|LIU, BO - Washington State University|
|BHALADHARE, SACHIN - Washington State University|
|ZHAN, PENG - Washington State University|
|JIANG, LONG - Washington State University|
|ZHANG, JINWEN - Washington State University|
Submitted to: Industrial and Engineering Chemistry Research
Publication Type: Peer Reviewed Journal
Publication Acceptance Date: 8/11/2011
Publication Date: 11/8/2011
Citation: Liu, B., Bhaladhare, S., Zhan, P., Jiang, L., Zhang, J., Liu, L.S., Hotchkiss, A.T. 2011. Morphology and properties of thermoplastic sugar beet pulp and poly(butylene adipate-co-terepthalate) blends. Industrial and Engineering Chemistry Research. 50(24):13859-13865.
Interpretive Summary: Composites made from synthetic polymer as matrix phase and natural fiber as filler phase have been used widely in civic engineering and as advanced materials. The challenge in preparation of such materials is the means to enhance interfacial adhesion between the two phases. In this study, the natural fibers was first converted to a thermoplastic, and then coextruded with the synthetic polymers in the presence of polymeric cross-linkers. The resultant composites possess higher mechanical properties and stronger resistance to water, due to a fine dispersion of one phase with the other and good adhesion between the two, which allows a smooth stress transfer.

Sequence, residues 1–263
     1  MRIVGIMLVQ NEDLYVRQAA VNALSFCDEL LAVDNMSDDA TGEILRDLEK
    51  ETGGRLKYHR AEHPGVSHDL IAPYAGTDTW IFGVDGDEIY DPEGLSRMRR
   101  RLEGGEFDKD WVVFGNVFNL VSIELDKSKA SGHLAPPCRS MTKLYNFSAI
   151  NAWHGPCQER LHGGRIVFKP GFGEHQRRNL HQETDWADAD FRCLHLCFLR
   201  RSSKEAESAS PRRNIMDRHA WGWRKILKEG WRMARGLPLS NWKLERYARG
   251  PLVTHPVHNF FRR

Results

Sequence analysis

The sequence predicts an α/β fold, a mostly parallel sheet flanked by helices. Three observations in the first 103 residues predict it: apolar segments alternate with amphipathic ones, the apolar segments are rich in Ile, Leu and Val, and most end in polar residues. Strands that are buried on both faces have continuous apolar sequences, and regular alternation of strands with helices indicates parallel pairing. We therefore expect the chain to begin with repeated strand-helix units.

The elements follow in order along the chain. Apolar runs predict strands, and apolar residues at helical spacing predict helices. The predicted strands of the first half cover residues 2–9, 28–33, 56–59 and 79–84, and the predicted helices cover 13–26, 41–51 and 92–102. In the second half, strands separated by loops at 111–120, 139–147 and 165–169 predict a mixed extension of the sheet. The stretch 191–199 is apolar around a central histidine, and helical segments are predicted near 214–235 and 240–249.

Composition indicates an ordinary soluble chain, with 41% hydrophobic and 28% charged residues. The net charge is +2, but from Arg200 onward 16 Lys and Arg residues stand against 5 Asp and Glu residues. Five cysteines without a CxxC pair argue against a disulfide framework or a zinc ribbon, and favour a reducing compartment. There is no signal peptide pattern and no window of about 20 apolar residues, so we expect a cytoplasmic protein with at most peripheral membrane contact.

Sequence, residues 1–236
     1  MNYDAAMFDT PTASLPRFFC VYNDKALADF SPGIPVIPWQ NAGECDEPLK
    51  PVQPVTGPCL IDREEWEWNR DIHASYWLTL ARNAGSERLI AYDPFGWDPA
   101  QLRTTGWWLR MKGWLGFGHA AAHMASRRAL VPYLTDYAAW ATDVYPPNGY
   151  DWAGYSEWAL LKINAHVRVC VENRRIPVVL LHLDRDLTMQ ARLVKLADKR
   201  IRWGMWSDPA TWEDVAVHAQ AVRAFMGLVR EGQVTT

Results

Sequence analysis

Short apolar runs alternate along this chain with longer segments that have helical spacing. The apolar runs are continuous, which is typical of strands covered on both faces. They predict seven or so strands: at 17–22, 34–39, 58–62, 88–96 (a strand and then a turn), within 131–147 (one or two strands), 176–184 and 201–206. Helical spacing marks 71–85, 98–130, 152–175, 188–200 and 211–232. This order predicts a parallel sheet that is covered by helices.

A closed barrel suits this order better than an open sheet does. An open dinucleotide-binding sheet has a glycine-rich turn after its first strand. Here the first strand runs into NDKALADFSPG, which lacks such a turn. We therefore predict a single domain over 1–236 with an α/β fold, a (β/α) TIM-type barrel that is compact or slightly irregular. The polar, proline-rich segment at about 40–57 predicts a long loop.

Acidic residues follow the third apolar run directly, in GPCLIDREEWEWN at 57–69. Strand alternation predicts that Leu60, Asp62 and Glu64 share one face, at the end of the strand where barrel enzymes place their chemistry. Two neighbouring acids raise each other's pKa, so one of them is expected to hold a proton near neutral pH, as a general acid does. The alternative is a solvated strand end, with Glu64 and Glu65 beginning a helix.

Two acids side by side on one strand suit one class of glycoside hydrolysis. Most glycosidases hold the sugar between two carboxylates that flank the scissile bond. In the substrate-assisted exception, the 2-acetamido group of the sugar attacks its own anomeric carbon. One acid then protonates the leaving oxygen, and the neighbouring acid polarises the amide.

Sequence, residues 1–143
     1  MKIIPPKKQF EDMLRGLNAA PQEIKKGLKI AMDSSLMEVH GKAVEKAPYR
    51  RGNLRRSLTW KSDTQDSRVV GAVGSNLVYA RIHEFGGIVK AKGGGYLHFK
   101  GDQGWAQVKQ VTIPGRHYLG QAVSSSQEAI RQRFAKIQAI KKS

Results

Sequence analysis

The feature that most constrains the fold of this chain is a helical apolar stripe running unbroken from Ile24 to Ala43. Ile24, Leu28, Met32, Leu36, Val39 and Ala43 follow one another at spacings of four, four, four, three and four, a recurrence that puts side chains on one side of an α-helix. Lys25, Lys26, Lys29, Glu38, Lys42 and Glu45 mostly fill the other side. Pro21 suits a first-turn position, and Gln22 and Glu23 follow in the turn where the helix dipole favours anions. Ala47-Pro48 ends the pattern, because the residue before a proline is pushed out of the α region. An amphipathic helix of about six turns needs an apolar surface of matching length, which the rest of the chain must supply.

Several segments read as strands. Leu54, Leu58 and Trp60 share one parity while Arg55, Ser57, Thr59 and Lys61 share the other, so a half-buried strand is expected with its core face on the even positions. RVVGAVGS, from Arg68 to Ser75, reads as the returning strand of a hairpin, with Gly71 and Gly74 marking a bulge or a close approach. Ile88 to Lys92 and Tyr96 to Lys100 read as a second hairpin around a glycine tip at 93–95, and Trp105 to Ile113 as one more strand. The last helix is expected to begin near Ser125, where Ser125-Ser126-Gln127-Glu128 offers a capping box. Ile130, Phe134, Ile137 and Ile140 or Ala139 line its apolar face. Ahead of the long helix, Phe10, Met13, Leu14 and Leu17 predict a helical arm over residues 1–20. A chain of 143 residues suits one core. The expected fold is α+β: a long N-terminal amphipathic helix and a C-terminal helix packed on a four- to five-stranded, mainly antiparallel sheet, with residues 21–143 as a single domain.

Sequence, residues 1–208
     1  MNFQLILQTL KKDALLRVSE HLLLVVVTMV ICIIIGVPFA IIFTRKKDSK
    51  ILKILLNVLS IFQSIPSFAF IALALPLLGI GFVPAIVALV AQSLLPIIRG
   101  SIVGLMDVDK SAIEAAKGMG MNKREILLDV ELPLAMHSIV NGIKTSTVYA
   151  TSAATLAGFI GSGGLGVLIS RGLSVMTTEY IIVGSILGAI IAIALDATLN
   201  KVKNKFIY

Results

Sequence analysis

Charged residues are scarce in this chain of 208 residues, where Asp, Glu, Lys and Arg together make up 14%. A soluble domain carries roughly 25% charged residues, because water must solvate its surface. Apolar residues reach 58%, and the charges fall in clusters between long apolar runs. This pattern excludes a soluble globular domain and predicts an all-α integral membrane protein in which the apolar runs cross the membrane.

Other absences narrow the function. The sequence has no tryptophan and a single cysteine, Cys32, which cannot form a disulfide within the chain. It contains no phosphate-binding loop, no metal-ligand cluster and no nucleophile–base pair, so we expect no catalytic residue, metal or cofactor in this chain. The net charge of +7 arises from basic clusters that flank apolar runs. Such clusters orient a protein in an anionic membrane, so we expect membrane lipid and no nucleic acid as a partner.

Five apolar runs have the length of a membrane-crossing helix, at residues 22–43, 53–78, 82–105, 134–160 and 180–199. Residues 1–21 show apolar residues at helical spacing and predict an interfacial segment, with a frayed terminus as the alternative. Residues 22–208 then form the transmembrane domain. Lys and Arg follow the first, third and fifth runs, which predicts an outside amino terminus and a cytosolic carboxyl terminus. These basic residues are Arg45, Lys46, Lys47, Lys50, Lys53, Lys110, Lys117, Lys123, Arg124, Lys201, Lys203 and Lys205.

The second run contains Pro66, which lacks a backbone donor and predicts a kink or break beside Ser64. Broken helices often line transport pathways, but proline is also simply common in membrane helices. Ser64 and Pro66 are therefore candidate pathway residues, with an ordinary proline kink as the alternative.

Technical Abstract: In this work, sugar beet pulp (SBP), the residue remaining after sugar extraction, was first turned into a thermoplastic-like compound (TSBP) by extrusion in the presence of water and glycerol. The resulting TSBP was then blended with poly(butylene adipate-co-terepthalate) (PBAT) and extruded into sheets in a single process. The effects of polymeric diphenyl methane diisocyanate (pMDI) as a compatibilizer and TSBP content on rheological properties, phase morphology, mechanical properties and water absorption of the extruded sheets were studied. In comparison, dry SBP powder was also blended with PBAT. It was found that when SBP was used as a thermoplastic in mixing, it yielded blends with much finer dispersion of the SBP phase than when SBP alone was used as a filler in mixing. The dispersion of SBP in the blends was greatly improved with the addition of pMDI. The PBAT/SBP blends with fine phase morphology showed enhanced mechanical properties and moisture resistance.